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Trying to power on my first raspberry pi (pi 2 model v V1.1). The ACT led is solid green but the RED led does not light up and nothing on HDMI display.

Here is what I tried so far, 1. Source of power is the Apple 10W wall adapter (tried an alternative one too). Both read +5V using a multimeter. 2. The micro USB cable seems to be thick enough. Tried the branded ones from Samsung & Blackberry. 3. Tried powering directly via GPIO pins (2 & 6) 4. Tried with/without/replacement SD card (Sandisk Class 10 16GB)

I've measured the following, 1. Voltage between pin PP2 and ground (+5.01 volts) 2. Voltage, when not powered by GPIO pins, between PIN 2 & ground (+4.92 volts) 3. Voltage, when not powered by GPIO pins, between PIN 1 & ground (+3.33 volts) 4. Voltage, when not powered by GPIO pins, between PP10 and ground (+3.33 volts) 5. Current, when connected via GPIO pins, starts at 0.84 amps and then drops to 0.6-0.7 amps

With my ear held close to the Pi 2, I can hear a faint and fast ticking noise when the power is switched on. Also, the board gets warm after being on for a while. However, no RED led and nothing on the HDMI display.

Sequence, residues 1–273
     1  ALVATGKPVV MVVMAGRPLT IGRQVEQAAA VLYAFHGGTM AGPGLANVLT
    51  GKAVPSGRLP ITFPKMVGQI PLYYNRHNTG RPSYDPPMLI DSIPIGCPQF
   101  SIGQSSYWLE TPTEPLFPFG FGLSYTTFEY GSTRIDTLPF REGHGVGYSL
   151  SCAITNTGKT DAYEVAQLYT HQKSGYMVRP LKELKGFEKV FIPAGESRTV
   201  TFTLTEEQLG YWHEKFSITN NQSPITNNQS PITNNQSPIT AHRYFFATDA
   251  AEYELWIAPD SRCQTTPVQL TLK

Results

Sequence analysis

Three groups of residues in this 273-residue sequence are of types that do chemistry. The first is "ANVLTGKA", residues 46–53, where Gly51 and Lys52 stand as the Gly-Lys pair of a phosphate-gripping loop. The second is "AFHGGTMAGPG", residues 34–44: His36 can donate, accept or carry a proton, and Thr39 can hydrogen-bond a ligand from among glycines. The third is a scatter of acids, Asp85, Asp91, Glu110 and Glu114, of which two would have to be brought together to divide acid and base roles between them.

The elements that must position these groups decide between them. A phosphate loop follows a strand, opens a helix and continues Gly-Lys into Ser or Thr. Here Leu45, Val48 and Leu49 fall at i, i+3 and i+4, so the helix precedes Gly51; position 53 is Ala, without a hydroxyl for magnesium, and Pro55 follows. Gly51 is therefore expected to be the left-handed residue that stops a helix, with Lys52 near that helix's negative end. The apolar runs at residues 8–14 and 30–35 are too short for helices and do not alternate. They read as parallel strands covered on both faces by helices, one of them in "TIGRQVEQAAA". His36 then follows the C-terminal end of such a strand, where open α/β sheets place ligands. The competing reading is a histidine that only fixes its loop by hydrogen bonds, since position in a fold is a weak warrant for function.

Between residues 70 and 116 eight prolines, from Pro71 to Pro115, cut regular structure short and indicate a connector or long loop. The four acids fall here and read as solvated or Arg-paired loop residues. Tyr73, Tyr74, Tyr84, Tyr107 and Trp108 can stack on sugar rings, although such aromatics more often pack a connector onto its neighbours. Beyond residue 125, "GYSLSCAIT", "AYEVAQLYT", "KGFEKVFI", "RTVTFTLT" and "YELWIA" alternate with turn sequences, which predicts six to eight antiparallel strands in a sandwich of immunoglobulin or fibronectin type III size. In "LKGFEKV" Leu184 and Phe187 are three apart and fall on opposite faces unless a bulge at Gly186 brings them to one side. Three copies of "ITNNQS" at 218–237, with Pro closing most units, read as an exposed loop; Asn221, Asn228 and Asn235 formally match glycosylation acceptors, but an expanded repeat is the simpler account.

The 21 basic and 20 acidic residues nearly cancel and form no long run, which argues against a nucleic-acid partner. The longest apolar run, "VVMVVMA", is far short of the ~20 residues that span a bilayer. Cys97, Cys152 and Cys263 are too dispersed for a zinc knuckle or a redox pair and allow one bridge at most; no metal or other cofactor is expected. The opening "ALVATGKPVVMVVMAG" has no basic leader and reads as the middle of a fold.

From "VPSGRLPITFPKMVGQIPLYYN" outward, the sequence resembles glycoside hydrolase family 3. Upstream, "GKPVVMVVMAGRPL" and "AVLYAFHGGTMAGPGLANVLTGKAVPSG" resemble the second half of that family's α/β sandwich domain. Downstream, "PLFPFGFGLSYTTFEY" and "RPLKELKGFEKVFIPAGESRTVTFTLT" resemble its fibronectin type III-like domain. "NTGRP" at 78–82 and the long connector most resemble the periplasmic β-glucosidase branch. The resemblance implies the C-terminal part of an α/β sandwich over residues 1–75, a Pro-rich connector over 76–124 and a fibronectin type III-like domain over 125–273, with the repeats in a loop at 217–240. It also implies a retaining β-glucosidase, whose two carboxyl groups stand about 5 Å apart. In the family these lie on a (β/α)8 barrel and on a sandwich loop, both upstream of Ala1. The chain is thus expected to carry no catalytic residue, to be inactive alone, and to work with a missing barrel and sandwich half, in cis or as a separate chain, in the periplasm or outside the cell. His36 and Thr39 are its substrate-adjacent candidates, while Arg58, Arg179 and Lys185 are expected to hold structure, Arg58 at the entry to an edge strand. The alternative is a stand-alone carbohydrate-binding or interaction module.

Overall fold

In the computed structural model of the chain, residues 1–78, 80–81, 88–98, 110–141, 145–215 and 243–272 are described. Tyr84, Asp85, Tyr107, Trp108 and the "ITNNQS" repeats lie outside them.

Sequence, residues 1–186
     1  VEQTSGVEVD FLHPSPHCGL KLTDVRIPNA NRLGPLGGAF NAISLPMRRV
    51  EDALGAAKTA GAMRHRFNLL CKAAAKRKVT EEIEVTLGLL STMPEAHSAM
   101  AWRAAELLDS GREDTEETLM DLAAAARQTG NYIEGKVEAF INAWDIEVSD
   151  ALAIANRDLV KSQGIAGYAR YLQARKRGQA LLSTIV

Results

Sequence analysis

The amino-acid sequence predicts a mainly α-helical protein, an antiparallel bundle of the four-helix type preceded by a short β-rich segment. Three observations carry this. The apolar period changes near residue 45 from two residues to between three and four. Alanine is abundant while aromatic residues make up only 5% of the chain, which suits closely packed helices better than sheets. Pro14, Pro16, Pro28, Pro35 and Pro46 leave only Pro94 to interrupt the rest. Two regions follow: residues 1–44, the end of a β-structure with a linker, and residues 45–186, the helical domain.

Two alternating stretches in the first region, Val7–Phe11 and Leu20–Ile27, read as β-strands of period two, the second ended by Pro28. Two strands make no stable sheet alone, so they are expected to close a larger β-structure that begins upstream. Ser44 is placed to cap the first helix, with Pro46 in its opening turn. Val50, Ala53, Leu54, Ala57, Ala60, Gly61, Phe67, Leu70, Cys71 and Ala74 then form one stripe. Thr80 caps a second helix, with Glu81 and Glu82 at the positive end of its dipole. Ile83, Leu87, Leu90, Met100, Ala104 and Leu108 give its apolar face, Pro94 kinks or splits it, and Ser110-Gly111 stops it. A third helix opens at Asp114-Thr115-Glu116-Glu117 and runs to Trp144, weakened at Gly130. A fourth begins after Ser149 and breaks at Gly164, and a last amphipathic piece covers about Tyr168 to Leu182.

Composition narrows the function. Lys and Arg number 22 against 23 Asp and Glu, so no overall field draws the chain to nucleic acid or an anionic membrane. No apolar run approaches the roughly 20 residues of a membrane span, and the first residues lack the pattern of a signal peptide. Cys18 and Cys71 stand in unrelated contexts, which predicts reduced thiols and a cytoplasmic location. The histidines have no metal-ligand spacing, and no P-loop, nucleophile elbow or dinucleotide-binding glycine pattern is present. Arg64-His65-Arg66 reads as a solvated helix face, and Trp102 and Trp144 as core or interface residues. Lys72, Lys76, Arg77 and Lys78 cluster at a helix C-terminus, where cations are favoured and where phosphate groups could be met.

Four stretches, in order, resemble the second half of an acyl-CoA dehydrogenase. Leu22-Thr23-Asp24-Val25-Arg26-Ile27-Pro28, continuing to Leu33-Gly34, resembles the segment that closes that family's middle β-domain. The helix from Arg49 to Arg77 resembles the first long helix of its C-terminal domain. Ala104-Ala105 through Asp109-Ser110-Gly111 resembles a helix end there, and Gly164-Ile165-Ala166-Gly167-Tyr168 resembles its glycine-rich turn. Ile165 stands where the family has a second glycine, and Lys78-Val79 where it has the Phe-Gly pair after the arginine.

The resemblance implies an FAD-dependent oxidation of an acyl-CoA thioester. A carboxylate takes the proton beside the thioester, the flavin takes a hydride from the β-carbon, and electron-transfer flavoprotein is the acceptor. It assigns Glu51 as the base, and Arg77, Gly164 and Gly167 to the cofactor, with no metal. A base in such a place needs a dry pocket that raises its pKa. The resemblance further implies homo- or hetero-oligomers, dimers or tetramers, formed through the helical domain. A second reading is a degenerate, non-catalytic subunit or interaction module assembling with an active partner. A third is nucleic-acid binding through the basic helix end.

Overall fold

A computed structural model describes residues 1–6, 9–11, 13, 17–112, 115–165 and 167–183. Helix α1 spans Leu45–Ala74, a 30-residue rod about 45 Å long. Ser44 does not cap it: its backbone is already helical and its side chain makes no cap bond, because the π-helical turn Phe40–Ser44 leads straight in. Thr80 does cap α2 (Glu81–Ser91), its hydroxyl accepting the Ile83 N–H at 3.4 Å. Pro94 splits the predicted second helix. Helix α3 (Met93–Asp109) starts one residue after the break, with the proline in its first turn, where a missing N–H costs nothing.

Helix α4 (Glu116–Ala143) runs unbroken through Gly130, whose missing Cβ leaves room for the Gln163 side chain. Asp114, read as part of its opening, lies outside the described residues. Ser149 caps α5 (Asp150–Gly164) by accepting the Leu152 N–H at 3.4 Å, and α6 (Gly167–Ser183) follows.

I can return it, of course, but would love it if there is a way to avoid the process. Any ideas?

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    That sounds terminal. It should not have got through factory tests in that state. The only thing I would try is connecting a serial cable to see if it boots up, but that is a purely academic exercise. It needs returning. – joan Oct 8 '15 at 11:21
  • I agree with joan. No red light but a green light is at least a little bit broken. If you plug it in with no SD card, a normal Pi 2 will have both lights on steady. – goldilocks Oct 8 '15 at 12:05
  • ok, thanks for the comments. Don't have access to a USB->serial cable right now (bit busy to rig one up). Looks like returning is the only option. – Vijay Seshan Oct 8 '15 at 12:12
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Ticking noise is a sure symptom of damaged electronics (1, 2, 3). It appears when a faulty IC component goes into breakdown, discharges adjacent capacitors and recovers. Capacitors charge again up to breakdown voltage and the cycle repeats.

Your RPi needs to be replaced. When you get a replacement, make sure there's no static electricity on your hands when you touch the board. ESD may well be the root cause of the damage.

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